When we come off passage, the first mark we come across is the safe water mark, also known as a fairway buoy. This tells us where “safe” water is, for instance a dredged channel, and announces the start of lateral buoyage. We can pass this on either side, although by convention we keep it to port. That way we’ll always be travelling down the right hand side of the channel.
Safe water marks:
- Can be spherical, a pillar or a spar
- Will always be candy-striped red and white
- If fitted with a topmark, will have a red ball
- Can also have either a bell or a whistle and a light.
At dusk or after dark, a safe water mark light can have a long flash every 10 seconds (LFL.10s), it can be occulting (it’s on more than it’s off ), or it can be isophase (equal phases of on and off ), or it can signal Morse A (dit dah, or one short then one long flash).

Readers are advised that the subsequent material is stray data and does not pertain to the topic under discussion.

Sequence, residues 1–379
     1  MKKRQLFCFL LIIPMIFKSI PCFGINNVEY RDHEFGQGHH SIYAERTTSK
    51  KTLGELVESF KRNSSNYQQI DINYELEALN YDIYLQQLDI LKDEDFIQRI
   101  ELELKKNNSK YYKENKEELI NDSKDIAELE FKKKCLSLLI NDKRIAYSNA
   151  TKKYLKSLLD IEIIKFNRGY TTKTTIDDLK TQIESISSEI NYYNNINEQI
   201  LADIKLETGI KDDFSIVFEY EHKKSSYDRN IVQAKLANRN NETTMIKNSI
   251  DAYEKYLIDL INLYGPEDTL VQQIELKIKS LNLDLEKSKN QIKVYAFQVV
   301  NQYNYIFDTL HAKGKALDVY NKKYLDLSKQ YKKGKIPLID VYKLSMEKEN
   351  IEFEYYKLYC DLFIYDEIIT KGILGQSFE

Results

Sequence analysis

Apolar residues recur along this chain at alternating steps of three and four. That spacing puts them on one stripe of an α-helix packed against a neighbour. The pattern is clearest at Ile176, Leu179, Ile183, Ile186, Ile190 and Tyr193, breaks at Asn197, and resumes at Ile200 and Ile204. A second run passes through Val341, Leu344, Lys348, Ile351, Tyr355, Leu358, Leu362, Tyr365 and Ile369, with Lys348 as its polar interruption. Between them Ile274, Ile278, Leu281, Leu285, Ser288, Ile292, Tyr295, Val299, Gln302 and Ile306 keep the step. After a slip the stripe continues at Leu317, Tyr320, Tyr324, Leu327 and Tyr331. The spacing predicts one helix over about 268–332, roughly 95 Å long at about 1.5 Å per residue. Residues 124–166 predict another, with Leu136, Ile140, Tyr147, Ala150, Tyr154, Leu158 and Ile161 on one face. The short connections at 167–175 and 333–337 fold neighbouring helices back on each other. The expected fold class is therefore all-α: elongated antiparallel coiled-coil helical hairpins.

Buoys indicate the “preferred” option when a channel splits in two. The port hand mark pictured below has a green strip around its middle, telling us we can go to port of it (which would see us travelling left to right past the far side of pontoon B1), but the preferred channel is to starboard.
By going to port of this mark, you’ll end up in Hamble Point marina, near Southampton. If you want to go up the Hamble river, you need to go to starboard of this mark.
At night these lights flash twice and then once, or two plus one, written as FL(2+1)R.
Port and starboard buoys mark the sides of a channel and are arranged for entry into port. If there might be any doubt, for instance somewhere like the Solent, with two entrances, the general direction of buoyage is shown on the chart by a large magenta arrow with two circles.